Yesterday, Wednesday 6th February, saw the beginning of Lent with Ash Wednesday, the day after my 40th birthday, which means that the traditional octave associated with my birthday was solemnly abolished.
A great tradition in Rome is that of the station churches: originally the tradition had its origin in the annual visitation of the Pope to churches in his diocese on set days of the year. The tradition died out after the 14th century but was revived in the 19th century, and since the end of the 1960s the American College has visited each of the church throughout Lent (apart from Sundays): the event is fairly popular and the Americans are joined by an assortment of clergy, religious and lay people.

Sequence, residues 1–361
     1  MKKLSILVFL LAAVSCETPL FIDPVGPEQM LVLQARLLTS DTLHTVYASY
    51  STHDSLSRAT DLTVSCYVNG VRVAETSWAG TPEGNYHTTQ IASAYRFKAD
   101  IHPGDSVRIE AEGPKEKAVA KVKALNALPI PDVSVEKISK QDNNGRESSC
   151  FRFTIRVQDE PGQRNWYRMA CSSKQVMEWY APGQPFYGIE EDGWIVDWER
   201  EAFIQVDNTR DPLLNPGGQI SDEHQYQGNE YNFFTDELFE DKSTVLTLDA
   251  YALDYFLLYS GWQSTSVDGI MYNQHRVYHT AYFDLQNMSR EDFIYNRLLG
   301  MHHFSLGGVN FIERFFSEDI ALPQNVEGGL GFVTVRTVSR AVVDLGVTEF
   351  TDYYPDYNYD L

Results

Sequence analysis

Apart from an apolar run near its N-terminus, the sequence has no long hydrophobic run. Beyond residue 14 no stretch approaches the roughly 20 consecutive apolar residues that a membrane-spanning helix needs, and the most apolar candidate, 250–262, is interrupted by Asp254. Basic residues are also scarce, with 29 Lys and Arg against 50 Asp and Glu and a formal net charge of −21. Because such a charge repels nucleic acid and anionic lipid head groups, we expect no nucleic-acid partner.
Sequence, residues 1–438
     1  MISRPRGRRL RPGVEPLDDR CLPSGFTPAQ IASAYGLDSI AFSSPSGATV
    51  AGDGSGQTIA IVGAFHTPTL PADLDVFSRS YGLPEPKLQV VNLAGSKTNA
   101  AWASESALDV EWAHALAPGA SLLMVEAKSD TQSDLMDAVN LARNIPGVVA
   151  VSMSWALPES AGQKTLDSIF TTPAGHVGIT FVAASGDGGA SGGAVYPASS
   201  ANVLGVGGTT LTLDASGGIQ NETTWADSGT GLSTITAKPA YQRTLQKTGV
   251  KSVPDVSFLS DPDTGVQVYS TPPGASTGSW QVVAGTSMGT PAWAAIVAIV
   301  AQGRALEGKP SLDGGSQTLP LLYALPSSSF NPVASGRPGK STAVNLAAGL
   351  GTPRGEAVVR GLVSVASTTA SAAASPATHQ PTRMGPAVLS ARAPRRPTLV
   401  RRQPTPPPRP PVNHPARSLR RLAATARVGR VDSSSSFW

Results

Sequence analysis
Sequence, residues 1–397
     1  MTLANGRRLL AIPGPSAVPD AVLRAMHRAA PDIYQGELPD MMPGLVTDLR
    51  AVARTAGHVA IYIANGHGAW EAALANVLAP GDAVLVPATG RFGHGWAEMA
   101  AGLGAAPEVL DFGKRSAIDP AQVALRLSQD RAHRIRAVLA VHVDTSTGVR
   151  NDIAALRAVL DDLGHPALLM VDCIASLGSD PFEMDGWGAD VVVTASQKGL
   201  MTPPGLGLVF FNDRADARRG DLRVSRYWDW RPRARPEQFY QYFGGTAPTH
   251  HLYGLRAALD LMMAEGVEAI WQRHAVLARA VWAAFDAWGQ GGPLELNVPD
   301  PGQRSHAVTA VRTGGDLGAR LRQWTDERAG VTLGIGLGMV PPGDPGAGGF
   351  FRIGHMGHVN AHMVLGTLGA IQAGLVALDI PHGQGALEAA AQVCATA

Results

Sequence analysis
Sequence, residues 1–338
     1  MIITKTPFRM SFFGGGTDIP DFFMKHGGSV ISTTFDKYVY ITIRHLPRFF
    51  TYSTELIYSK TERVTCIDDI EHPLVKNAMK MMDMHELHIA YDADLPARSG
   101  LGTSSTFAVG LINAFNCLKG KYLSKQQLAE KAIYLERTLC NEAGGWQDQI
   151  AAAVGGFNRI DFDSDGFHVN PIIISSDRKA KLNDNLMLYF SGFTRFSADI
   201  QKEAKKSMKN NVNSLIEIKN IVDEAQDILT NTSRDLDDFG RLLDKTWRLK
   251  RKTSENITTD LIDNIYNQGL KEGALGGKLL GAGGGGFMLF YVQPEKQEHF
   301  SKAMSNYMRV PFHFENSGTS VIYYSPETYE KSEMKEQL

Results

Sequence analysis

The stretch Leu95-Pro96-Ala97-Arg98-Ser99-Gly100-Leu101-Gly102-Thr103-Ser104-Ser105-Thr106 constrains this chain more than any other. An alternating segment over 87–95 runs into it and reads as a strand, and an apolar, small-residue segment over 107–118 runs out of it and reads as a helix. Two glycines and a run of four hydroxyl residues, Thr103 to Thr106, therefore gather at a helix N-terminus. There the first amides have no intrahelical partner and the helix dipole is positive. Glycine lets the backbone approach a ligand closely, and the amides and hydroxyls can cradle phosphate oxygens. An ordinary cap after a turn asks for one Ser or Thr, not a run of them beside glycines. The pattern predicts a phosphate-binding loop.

Yesterday Mass was at 6.45am at the church of Santa Sabina on the Aventine Hill. We left the Casa around 6.05am and prayed the rosary together on the way. Santa Sabina was constructed between 422 and 432 and made by Pope Gregory the Great into the station church for Ash Wednesday; it had a lot of reconstruction work done to it in the 9th century, but after a 20th century restoration, which did away with accretions, appears what seems to be more like its old self. The pictures aren't so good this time:
It was a beautiful morning and from the Aventine a beautiful view of St Peter's in the distance: